While many new real estate investors choose to focus on fix & flips, BRRR deals offer another outstanding investment option. And, this approach helps investors build long-term wealth, too. As such, I want to use this article to provide a BRRR deal example to help guide investors considering this strategy.
BRRR stands for buy, renovate, rent, and refinance. Like fix & flips, BRRR investors buy and rehab a distressed property. But, rather than sell it for a profit, they rent it out and do a rate/term refinance. This allows investors to profit through rents, loan amortization, and appreciation.
I’ll dive into more details of BRRR deals in the following article. Specifically, I’ll cover the below topics:
- What Is a BRRR Deal?
- Keys to BRRR Success
- Why I Like the BRRR Strategy
- BRRR Deal Example
- Final Thoughts
What Is a BRRR Deal?
BRRR stands for buy, renovate, rent, and refinance, and it’s a frequently-used strategy of real estate investors looking to build a portfolio of rental properties. And, while not technically part of the strategy, a fourth “R” exists: repeat. As I’ll explain in this article, a successful BRRR deal will allow investors to move from their initial deal into subsequent deals.
Here’s a more detailed look at each element of a BRRR deal:
Similar to fix & flip deals, BRRR investors purchase distressed properties – typically at a significant discount. Most of these properties don’t qualify for traditional financing, that is, your standard 30-year residential mortgage. Consequently, motivated sellers who want to convert their equity into cash need to find other buyers, as people looking for primary residences can’t finance these properties.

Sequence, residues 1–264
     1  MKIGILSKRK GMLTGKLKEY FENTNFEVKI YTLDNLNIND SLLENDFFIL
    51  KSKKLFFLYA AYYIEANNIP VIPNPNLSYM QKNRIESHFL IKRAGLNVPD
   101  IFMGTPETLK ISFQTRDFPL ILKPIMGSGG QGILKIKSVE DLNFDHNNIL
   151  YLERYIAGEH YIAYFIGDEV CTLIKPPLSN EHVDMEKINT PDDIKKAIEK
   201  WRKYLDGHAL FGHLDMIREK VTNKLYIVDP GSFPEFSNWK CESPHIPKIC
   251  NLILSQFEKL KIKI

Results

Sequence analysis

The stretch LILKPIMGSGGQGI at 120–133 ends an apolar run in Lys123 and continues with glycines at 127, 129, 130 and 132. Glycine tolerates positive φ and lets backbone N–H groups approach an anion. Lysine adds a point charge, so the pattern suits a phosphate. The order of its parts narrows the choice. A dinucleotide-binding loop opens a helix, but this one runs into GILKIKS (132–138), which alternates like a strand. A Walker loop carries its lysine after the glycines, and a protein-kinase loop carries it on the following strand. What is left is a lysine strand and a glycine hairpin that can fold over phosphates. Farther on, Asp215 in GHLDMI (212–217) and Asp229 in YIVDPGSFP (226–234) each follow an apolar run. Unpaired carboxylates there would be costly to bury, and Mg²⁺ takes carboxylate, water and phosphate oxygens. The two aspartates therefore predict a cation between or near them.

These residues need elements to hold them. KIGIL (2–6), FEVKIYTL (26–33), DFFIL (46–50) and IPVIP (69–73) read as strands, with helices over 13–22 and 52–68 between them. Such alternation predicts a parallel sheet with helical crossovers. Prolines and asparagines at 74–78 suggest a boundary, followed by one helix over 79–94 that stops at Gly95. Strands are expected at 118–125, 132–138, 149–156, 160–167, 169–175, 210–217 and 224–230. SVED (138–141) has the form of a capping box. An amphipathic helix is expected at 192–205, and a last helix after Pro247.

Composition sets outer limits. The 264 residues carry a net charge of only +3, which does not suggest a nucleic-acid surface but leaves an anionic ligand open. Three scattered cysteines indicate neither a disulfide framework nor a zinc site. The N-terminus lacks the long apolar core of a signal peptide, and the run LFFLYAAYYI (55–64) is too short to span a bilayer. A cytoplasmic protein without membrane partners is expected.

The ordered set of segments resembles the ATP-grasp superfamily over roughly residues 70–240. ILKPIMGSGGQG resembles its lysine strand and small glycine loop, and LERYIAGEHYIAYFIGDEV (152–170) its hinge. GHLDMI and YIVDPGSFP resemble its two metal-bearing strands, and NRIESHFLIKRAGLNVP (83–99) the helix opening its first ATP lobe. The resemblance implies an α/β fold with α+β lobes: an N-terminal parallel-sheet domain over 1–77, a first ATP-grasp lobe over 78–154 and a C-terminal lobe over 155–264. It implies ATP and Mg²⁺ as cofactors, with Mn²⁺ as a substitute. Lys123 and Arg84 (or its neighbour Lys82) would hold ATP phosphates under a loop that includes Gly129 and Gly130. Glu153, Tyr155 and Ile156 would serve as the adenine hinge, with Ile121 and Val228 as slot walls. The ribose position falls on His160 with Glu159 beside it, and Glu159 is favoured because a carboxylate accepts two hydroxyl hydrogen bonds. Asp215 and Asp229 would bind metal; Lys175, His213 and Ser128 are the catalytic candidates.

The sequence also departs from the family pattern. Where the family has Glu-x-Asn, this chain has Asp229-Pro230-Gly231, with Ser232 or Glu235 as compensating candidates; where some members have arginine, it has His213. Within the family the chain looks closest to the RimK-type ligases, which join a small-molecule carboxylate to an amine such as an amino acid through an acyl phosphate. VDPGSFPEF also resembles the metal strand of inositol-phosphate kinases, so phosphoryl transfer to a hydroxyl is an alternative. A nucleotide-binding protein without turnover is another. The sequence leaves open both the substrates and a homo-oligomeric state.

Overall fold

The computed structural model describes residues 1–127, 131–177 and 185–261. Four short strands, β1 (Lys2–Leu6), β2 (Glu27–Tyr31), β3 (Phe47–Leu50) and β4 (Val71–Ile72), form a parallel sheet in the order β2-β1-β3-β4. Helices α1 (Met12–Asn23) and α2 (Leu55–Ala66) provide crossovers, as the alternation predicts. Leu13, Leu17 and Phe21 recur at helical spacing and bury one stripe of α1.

Enter real estate investors as problem solvers. Unlike primary homebuyers, BRRR investors use either cash or hard money loans to finance the purchase and renovation of a property. When approving a mortgage, traditional lenders look to A) the condition of the underlying property for collateral purposes, and B) the borrower’s entire financial picture. On the other hand, hard money lenders look solely at the “hard asset” – the property – when approving loans. More precisely, these lenders look at what the property will look like in the future.
When you apply for a hard money loan to buy and renovate a distressed property, the lender completes two types of appraisals. First, they determine the “as-is” value of the property to ensure the purchase price is reasonable. Second, lenders hire appraisers to determine the after-rehab value, or ARV, of the property. These specialized appraisers look at the contractor renovation bids and local area homes with similar renovation work to determine what the property will be worth after the renovation.
Hard money loans hinge on this ARV number. While every lender varies, The Investor's Edge will issue loans at 70% loan-to-value (LTV) based on ARV. For example, say a property has an ARV of $300,000, meaning that the appraiser believes this property will be worth that much following the renovation. With this ARV, we’d lend $210,000 ($300,000 ARV x 70% LTV).
But, these loans function more like acquisition/construction loans in that borrowers don’t receive the full lump sum at closing. Instead, hard money lenders issue loan funds in accordance with predetermined draws. Generally, you’ll receive an initial amount to purchase the property. Then, the lender will release funds to pay the contractors as work progresses. This provides a level of protection to hard money lenders, as they don’t lend out more money than costs put into renovating the property.
This hard money loan amount also plays a critical role for investors analyzing potential BRRR deals. With particularly good deals, investors can complete the purchase and renovation with 100% financing. Continuing the above example, if you can find a $300,000 ARV property to purchase and renovate for $210,000 (the hard money loan amount) or less, you can complete the deal with no contributed capital. Put simply, you can end up owning a rental property without investing any of your own cash.